It is winter. It is cold, wet, windy, frozen, and currently raining here in Tennessee. Today I drove up to my bank’s drive in window to make a deposit, the usual small talk between the teller and me. The weather, of course is the subject of our casual conversation. Yes, it is cold, yes I wish winter were over, yes I wish summer were here. Well, if it were summer we would be complaining about the heat. Now, I have to disagree with that, because last year I do not remember complaining about the heat.
My best recollection is actually enjoying the humid evenings, the sultry sway of the trees while the cicadas buzzed away in the branches. Wiping sweat off our brows as we sat on the front porch and enjoyed our evening toddy. A days work done, the sweet smell of fresh mowed grass, Miracle Grow & dirt under our fingernails from digging in the flower beds and weeding the vegetable garden, and the now and then wave to a passerby as they drove home over the ridge.
I do remember however, some very hot summers. Growing up in the South, you cannot help but know what a boiled peanut is. My Dad was a mechanic, leased a gas station from a man, and that man also owned the gas company he bought his gasoline from. That man made more money than my father ever saw. But, my Dad loved to come up with gimmicks, collected things, and was the best gardener I’ve ever seen. And he really enjoyed coming up with ideas to make extra cash, and to keep me busy during the summers.
Now you talk about hot. To give you a little insight however, let me explain that my Mother had traditions and superstitions. You NEVER went barefoot until May 1st of each year. So, basically, you went barefoot in the hottest of hot in North Florida. Daddy decided that he would sell boiled peanuts from his gas station. Now this establishment was located on Hwy 90, the main highway across North Florida. This was before the interstate was built, I-10. So, the tourists that were headed south to the many Florida roadside attractions, seem to always find their way through Quincy, Florida, on Hwy 90, and right past Daddy’s gas station. Daddy figured he could sell many bags of boiled peanuts during the tourist season and peanut harvest, and bring some extra cash into the household.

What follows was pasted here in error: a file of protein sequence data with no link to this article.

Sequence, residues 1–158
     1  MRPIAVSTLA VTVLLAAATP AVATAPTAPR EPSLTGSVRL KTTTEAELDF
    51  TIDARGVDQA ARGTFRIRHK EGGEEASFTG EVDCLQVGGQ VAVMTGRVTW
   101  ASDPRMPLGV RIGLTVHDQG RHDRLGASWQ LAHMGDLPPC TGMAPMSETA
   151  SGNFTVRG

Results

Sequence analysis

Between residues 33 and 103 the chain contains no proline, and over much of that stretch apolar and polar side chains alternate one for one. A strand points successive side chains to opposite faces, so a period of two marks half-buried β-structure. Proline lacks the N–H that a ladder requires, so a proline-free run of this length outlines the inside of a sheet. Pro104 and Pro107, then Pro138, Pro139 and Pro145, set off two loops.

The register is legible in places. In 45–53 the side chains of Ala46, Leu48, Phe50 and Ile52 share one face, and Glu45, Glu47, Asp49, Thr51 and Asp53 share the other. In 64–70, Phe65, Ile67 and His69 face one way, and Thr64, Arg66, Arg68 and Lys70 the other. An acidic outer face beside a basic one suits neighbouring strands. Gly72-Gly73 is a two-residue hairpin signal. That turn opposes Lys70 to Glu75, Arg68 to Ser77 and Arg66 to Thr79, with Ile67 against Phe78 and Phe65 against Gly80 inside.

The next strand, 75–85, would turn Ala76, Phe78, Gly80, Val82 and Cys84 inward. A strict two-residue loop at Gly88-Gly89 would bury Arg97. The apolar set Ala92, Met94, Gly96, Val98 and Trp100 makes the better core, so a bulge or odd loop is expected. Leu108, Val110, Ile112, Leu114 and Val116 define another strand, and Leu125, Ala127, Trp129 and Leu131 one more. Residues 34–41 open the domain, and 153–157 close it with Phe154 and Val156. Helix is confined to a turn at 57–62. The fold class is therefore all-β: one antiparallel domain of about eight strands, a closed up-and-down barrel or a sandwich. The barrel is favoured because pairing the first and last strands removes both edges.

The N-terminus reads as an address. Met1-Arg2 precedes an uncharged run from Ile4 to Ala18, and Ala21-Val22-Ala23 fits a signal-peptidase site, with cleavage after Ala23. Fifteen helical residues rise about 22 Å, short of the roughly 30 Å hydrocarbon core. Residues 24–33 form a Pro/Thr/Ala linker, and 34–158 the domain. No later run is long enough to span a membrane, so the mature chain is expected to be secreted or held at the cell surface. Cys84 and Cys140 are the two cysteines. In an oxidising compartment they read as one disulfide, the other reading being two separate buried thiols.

And so, the big stock pot and his propane gas fish cooker, now became the peanut boiling kitchen in one of the repair bays at Dean’s Texaco Gas Station. Little brown paper candy size bags were filled with the hot salty boiled things, stapled shut, and lined up in a cardboard beer flat box, and handed off to me to make my rounds around what we called the courthouse square. In and out of retail shops I would go, dress shops, toy, hardware, banks, and more, all located around the central courthouse of Gadsden County Florida. I had no reservations about asking if anyone wanted to buy some boiled peanuts for 50 cents a bag. It was fun, I was out of having to do chores, and I had a little jingle in my pocket. Those 2 years of peanut peddling blistered my feet, because I never wore shoes much in the summer. You did okay along the sidewalks in front of the storefronts with their retro striped canvas awnings giving shade to the sidewalks, but Lord, you start to cross a black asphalt street, and you were hopping, squealing and squeaking as you ran for the next corner curb. That “walk” light couldn’t turn fast enough. Hot asphalt and bare feet bring a whole new meaning to the term “hip-hop”. It didn’t take long to whip out some of that jingle, and buy myself a pair of rubber flip-flops about the second time I passed McCrory’s dime store. Now those were HOT summers.